When digital cameras first came out, they were very expensive, hard to use, and the results were, in layman's terms, terrible. They began to come down in price, and the quality of their images has continued to improve--to the point that they are used by insurance adjusters and real estate agents with acceptable results.
It's a useful tool. A digital camera can serve as a site inspection tool. Images can be downloaded to your laptop each evening, and even sent as an attachment by e-mail back to the home office. Some of the current models also allow you to capture short segments of video or audio (to narrate information about the image). Since they're more compact than 8mm camcorders, and don't use magnetic tape, digital cameras should survive the rigors of site inspections in a little better condition than a video camera. If you are capturing images for Web use, or for electronic presentations, then a digital image is ideal.
And they're affordable. The very best digital cameras still cost upwards of $30,000, but there are a number in the $250 to $900 range that function well. And with the cost of color printers and scanners in the $300 range, digital photography is now within reach.
But choose the right one. Here are the key variables:
* Image quality--Resolution is a crucial specification. The number of pixels a camera creates determines the size of the file that can be output with acceptable results. The standard minimum resolution of the current cameras is 640x480 pixels--more than you need if you are doing just Web pictures. The maximum resolution ranges from 1,152x864 pixels to 1,600x1,200 pixels. This resolution allows you to print five-inch by seven-inch prints on photo quality paper similar to the paper used to print to 35mm photos. But you often have to lighten or darken the image with software that comes with the camera. Each image takes several minutes to print and can cost up to 75 cents for paper and ink.
* The term megapixel means that the total number of pixels that a two-dimensional area can capture is one million or more. The term is mostly marketing hype.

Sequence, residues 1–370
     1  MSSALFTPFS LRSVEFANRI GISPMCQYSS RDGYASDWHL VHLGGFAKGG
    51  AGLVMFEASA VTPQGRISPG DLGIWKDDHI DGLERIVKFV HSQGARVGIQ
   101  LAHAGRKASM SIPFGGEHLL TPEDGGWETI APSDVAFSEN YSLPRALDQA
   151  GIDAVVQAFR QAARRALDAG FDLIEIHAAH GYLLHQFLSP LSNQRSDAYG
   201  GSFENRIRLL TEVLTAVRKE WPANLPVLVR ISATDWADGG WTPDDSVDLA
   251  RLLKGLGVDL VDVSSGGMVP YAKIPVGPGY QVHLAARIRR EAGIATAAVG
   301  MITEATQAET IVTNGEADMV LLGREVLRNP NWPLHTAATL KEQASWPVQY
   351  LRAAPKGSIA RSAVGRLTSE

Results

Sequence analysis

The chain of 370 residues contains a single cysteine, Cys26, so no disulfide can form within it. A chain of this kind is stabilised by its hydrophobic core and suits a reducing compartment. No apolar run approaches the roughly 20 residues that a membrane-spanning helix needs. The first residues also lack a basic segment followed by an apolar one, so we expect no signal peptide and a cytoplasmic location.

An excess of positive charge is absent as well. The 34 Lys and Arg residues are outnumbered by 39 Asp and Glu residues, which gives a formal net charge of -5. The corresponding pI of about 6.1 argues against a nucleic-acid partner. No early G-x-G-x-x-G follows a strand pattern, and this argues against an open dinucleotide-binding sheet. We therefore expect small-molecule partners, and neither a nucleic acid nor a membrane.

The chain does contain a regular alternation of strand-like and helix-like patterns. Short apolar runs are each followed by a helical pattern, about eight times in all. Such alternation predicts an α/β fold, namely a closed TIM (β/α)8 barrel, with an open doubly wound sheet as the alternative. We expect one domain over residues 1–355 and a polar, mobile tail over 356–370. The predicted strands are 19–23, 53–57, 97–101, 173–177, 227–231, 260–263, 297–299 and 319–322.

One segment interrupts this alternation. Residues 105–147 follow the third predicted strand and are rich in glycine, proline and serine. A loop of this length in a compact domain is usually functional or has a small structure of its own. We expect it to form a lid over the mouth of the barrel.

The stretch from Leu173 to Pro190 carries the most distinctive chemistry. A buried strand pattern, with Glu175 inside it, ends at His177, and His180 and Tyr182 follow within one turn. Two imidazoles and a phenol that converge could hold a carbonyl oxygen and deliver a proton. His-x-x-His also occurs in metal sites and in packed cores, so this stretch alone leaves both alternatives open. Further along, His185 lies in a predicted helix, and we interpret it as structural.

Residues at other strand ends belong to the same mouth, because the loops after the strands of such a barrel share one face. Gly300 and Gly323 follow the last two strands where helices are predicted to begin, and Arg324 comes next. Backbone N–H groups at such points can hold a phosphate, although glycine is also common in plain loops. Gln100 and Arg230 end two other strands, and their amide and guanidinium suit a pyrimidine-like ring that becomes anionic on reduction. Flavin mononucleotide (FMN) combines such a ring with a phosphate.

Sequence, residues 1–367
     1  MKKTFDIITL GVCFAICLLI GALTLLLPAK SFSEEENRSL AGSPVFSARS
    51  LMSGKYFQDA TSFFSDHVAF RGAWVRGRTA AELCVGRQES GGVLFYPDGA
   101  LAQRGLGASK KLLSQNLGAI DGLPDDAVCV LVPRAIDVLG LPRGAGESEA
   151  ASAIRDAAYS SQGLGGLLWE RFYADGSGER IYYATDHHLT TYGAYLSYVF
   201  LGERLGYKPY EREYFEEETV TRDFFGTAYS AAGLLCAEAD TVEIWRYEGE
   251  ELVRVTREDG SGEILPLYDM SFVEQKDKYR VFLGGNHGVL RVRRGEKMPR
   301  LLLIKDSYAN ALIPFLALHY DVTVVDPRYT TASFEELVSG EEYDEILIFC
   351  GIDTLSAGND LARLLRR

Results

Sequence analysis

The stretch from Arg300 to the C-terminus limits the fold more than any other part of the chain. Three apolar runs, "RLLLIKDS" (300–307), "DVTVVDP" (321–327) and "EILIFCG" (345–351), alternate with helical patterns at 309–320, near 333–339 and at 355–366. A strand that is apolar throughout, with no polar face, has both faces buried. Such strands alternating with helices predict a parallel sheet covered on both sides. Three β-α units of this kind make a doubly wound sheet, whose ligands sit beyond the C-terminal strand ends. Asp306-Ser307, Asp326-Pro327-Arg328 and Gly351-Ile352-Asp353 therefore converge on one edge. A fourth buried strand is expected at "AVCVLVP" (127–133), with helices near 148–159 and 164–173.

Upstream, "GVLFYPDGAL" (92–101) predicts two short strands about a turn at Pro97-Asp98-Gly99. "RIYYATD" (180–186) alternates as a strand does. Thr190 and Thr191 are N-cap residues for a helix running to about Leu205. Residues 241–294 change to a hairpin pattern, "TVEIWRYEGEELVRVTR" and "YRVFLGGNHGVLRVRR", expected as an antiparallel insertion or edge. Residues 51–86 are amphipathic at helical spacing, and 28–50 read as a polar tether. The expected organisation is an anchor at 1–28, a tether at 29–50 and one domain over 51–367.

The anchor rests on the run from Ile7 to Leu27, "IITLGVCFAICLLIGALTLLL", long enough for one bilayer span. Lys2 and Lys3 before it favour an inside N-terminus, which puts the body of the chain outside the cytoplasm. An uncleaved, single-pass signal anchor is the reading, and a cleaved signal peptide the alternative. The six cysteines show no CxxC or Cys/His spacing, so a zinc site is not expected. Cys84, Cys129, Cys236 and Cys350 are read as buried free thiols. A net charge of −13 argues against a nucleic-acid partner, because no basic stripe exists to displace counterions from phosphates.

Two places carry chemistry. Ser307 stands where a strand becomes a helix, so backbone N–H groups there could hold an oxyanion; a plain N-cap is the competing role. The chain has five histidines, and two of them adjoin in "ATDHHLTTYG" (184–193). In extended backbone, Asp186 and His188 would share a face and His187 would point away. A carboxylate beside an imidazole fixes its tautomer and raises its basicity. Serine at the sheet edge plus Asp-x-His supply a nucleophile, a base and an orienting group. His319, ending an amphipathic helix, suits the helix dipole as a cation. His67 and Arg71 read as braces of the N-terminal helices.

* Memory--When you take pictures without film, you need to store the images somewhere. Most digital cameras, in addition to their standard storage, have some sort of removable storage medium. This is important as you can run out of storage quickly. The most common storage methods are CompactFlash and SmartMedia. The CompactFlash cards are somewhat chunkier, but can hold up to 64MB of data. The miniature SmartMedia cards hold a maximum of 16MB. Some camera manufacturers give you the option of saving files onto standard 3.5-inch floppy disks, but they are limited in the amount of data they can hold and are slow compared to the other memory cards. The higher the resolution of the pictures you take, the fewer images can be stored in the camera. Often you can get only five or six images before you are out of standard storage. If you are shooting with minimum resolution, you can get from 38 to 100 images before needing to download.
* Downloading files--Transferring images to your PC is not a quick operation. Many of the cameras use a serial-port cable for the transfer, and it can take from 30 seconds to two minutes or longer to transfer each photo. A few of the newer cameras have a USB port as well as a serial one--this is much faster (and you must have a USB port on your PC).
* LCD displays--Most of the cameras now on the market have color LCD displays. These allow you to compose shots and view the photos stored in memory. But they drain batteries fast, so you still need an optical viewfinder. Depending on how much you are using your flash and the LCD display, your battery might last as little as 30 minutes or as long as two hours (depending on the model). You should carry extra batteries (AA) at all times.
* Zoom capability--Today's cameras usually offer a zoom feature. Optical zooms are preferred because you can zoom precisely without degradation in quality. Digital zooms usually offer a single magnification level, and at the lowest resolution.
* Video output--This allows you to view your images on a standard TV or computer monitor.
Sales of digital cameras continue to skyrocket. There could be room for one in your site inspection briefcase.